As reported in this paper a couple of weeks ago a Government Planning Inspector has over turned a decision by the Planning Committee of Lancaster City Council and ruled that 37 homes may be built on land in Bolton-le-Sands, despite vehement opposition by the Parish Council and local residents.
It reminded me of a campaign I was involved in last year to stop the closure of The Greaves Hotel and it’s conversion into flats.
Again, in Greaves local residents were overwhelmingly against development they saw as detrimental to the nature and quality of the place where they live and they persuaded the Planning Committee at Lancaster City Council to reject the application.
However, just as happened with the green field site in Bolton le Sands, on appeal by the Developer a National Planning Inspector over turned the local Planning Committee’s rejection of the Greaves Scheme.
As a consequence many residents in Bolton-le-Sands and Greaves have been left feeling disheartened that their hard graft in putting up posters, knocking on doors, getting signatures on petitions and attending Council Planning Committee Meetings, was all for naught because it seems the realpolitik is that if a local decision does not fit in with national policy it will get swept aside anyway.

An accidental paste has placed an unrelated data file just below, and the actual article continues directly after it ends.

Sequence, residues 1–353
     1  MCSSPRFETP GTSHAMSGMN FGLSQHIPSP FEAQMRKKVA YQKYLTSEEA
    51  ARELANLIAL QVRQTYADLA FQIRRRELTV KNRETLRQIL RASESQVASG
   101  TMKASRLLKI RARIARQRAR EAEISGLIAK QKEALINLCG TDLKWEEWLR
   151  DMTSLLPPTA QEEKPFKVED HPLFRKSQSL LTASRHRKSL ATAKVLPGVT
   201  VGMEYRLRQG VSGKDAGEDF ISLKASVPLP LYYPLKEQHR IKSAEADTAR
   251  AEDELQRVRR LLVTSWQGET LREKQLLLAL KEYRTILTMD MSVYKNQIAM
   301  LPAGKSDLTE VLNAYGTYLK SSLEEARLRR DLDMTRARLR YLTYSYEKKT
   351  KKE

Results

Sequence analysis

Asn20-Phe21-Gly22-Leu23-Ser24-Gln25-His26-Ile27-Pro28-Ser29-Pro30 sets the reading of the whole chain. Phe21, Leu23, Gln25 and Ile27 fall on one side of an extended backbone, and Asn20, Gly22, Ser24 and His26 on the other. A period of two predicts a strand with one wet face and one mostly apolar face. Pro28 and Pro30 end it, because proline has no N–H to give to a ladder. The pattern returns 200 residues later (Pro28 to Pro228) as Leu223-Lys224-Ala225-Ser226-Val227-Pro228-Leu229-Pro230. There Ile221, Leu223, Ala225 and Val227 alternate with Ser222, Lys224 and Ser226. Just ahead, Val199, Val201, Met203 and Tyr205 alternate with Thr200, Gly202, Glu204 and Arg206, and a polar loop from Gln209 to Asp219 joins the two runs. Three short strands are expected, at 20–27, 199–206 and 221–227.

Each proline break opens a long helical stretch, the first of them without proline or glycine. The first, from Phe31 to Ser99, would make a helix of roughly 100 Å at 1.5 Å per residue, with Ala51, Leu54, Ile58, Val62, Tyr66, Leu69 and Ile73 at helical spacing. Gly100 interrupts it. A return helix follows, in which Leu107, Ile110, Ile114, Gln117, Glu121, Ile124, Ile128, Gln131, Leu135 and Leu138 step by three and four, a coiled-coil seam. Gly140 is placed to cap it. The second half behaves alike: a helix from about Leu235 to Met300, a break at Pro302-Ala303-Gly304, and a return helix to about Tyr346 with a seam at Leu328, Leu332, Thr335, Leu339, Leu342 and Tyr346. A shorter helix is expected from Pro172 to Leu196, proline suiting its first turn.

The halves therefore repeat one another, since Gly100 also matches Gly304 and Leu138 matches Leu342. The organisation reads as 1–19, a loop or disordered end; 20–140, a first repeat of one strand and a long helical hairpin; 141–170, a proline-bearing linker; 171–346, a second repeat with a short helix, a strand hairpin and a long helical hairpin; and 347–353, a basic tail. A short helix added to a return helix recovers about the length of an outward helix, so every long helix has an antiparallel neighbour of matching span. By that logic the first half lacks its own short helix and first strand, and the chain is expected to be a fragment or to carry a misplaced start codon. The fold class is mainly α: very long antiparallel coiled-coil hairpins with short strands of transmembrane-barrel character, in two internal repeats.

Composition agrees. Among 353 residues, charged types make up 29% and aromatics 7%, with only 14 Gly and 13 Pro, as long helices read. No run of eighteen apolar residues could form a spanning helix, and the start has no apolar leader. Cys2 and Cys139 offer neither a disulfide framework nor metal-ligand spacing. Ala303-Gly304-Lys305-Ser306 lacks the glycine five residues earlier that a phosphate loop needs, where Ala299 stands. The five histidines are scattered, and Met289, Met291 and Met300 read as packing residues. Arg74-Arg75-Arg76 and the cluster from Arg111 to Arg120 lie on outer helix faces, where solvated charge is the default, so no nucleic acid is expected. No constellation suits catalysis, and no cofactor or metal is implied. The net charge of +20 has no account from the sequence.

The whole thing is a classic clash of national versus local interests and it seems the Government is trying to face both ways.
On the one hand, the Government is going for growth and taking a bonfire to numerous planning laws and regulations in order to both stimulate the economy and provide housing stock to control house price inflation, yet locally we want control over the place where we live.
In the introduction to the Localism Act 2011 it says the Act ‘will devolve greater powers to councils and neighbourhoods and give local communities control over housing and planning decisions”.
Confused? Well it seems like the Government are saying “Power to the People - but only if we agree”.